Chlorhexidine proves effective at knocking out multidrug-resistant yeast, study finds

The disinfectant chlorhexidine can successfully combat the growth of the yeast Candida auris, according to a new report in the CDC's journal Emerging Infectious Disease.

The potentially deadly fungal infection — identified in the U.S. for the first time last year — is an emerging pathogen with the capacity to develop antifungal-resistant biofilms, which could potentially adhere to medical instruments. The yeast has displayed resistance to all three major classes of antifungal medications.

To determine the yeast's susceptibility to disinfectants, researchers tested seven antifungal agents: fluconazole, voriconazole, caspofungin, micafungin, liposomal amphotericin B, amphotericin B and chlorhexidine. While amphotericin B also displayed efficacy, chlorhexidine proved most effective in inhibiting the yeast's biofilm growth.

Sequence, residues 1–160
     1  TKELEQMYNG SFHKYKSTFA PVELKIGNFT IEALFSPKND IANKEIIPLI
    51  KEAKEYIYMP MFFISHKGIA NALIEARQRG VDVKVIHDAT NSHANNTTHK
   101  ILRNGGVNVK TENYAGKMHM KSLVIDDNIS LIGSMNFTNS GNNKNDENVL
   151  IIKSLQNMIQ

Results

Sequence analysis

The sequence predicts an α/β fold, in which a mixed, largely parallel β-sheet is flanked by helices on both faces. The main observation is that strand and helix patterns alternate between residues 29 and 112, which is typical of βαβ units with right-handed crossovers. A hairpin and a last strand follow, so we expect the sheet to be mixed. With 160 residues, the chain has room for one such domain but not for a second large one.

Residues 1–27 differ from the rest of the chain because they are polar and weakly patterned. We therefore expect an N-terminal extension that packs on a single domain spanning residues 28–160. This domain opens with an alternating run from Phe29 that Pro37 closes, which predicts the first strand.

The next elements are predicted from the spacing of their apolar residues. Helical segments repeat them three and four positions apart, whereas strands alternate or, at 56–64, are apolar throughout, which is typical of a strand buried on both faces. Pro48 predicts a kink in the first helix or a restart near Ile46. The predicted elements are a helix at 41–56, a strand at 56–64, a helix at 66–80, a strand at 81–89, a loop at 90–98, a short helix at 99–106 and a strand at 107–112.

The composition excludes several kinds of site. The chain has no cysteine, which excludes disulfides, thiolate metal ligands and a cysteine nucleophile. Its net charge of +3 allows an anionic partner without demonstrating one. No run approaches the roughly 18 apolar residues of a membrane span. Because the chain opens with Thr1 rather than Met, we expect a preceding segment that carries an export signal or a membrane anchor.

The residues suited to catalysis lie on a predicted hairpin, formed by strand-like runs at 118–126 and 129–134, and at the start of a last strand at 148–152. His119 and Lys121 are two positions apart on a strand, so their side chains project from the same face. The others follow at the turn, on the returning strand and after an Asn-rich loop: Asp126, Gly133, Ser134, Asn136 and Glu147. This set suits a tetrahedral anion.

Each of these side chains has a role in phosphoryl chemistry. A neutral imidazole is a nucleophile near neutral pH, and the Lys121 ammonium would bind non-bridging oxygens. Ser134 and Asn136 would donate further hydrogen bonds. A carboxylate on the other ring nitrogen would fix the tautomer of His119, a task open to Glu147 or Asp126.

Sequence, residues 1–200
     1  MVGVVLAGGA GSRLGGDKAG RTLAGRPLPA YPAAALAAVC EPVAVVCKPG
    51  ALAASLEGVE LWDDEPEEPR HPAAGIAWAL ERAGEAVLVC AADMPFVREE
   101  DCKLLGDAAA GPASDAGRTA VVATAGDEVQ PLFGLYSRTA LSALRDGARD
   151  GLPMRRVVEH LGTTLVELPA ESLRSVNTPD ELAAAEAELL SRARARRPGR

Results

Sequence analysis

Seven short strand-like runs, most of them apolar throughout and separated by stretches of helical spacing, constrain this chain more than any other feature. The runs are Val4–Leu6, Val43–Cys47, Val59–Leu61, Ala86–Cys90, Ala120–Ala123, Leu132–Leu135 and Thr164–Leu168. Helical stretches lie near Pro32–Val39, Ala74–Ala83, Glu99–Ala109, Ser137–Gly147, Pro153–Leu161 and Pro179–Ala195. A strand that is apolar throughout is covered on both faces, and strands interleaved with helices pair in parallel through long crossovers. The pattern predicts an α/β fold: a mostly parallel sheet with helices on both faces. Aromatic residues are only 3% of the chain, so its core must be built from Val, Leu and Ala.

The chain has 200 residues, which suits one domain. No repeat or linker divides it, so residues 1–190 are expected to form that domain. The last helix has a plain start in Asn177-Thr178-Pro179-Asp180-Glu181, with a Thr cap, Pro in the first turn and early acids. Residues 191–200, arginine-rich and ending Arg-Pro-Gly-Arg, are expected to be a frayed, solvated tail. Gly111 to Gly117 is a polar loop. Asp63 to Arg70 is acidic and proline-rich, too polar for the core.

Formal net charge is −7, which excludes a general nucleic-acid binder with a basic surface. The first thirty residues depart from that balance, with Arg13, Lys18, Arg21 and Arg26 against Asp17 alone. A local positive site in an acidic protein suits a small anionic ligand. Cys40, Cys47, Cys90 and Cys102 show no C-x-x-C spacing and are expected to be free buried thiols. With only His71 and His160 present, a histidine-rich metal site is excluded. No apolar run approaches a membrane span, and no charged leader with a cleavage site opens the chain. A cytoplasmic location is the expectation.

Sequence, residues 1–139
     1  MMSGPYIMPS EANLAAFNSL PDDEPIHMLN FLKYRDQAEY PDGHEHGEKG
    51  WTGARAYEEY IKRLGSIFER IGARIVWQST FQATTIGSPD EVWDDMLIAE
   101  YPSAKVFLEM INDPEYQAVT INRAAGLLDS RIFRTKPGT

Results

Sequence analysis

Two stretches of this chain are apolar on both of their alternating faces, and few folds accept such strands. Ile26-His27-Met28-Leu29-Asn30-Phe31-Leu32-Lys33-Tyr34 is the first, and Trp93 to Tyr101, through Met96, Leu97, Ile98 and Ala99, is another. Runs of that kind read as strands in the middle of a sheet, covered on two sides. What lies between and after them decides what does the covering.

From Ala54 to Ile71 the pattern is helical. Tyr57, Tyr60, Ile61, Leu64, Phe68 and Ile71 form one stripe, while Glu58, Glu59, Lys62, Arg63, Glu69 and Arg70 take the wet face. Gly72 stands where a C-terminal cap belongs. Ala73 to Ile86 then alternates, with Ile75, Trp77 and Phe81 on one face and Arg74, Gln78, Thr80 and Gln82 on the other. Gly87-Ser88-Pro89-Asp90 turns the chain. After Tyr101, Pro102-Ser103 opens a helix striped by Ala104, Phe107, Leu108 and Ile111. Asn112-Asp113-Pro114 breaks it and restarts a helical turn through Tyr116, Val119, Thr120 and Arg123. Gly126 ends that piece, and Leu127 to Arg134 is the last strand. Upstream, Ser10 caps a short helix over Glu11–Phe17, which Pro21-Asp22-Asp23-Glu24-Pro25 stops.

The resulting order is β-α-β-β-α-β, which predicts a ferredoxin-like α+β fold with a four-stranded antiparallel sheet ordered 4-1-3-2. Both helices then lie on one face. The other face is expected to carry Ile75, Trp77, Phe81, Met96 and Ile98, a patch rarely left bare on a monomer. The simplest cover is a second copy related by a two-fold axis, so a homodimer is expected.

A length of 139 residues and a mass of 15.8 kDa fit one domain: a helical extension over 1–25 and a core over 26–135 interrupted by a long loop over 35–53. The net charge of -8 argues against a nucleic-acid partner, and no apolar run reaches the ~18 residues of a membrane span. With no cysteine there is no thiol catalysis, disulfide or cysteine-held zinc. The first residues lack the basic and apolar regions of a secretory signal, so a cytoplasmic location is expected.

"We showed that chlorhexidine is effective against C. auris planktonic and sessile communities. Thus, use of this disinfectant can be advocated for topical control of C. auris at standard concentrations used for skin and wound cleansing and disinfection. Infection-prevention measures targeting C. auris biofilms in patients, on medical devices and in the hospital environment will be required," concluded the study's authors.

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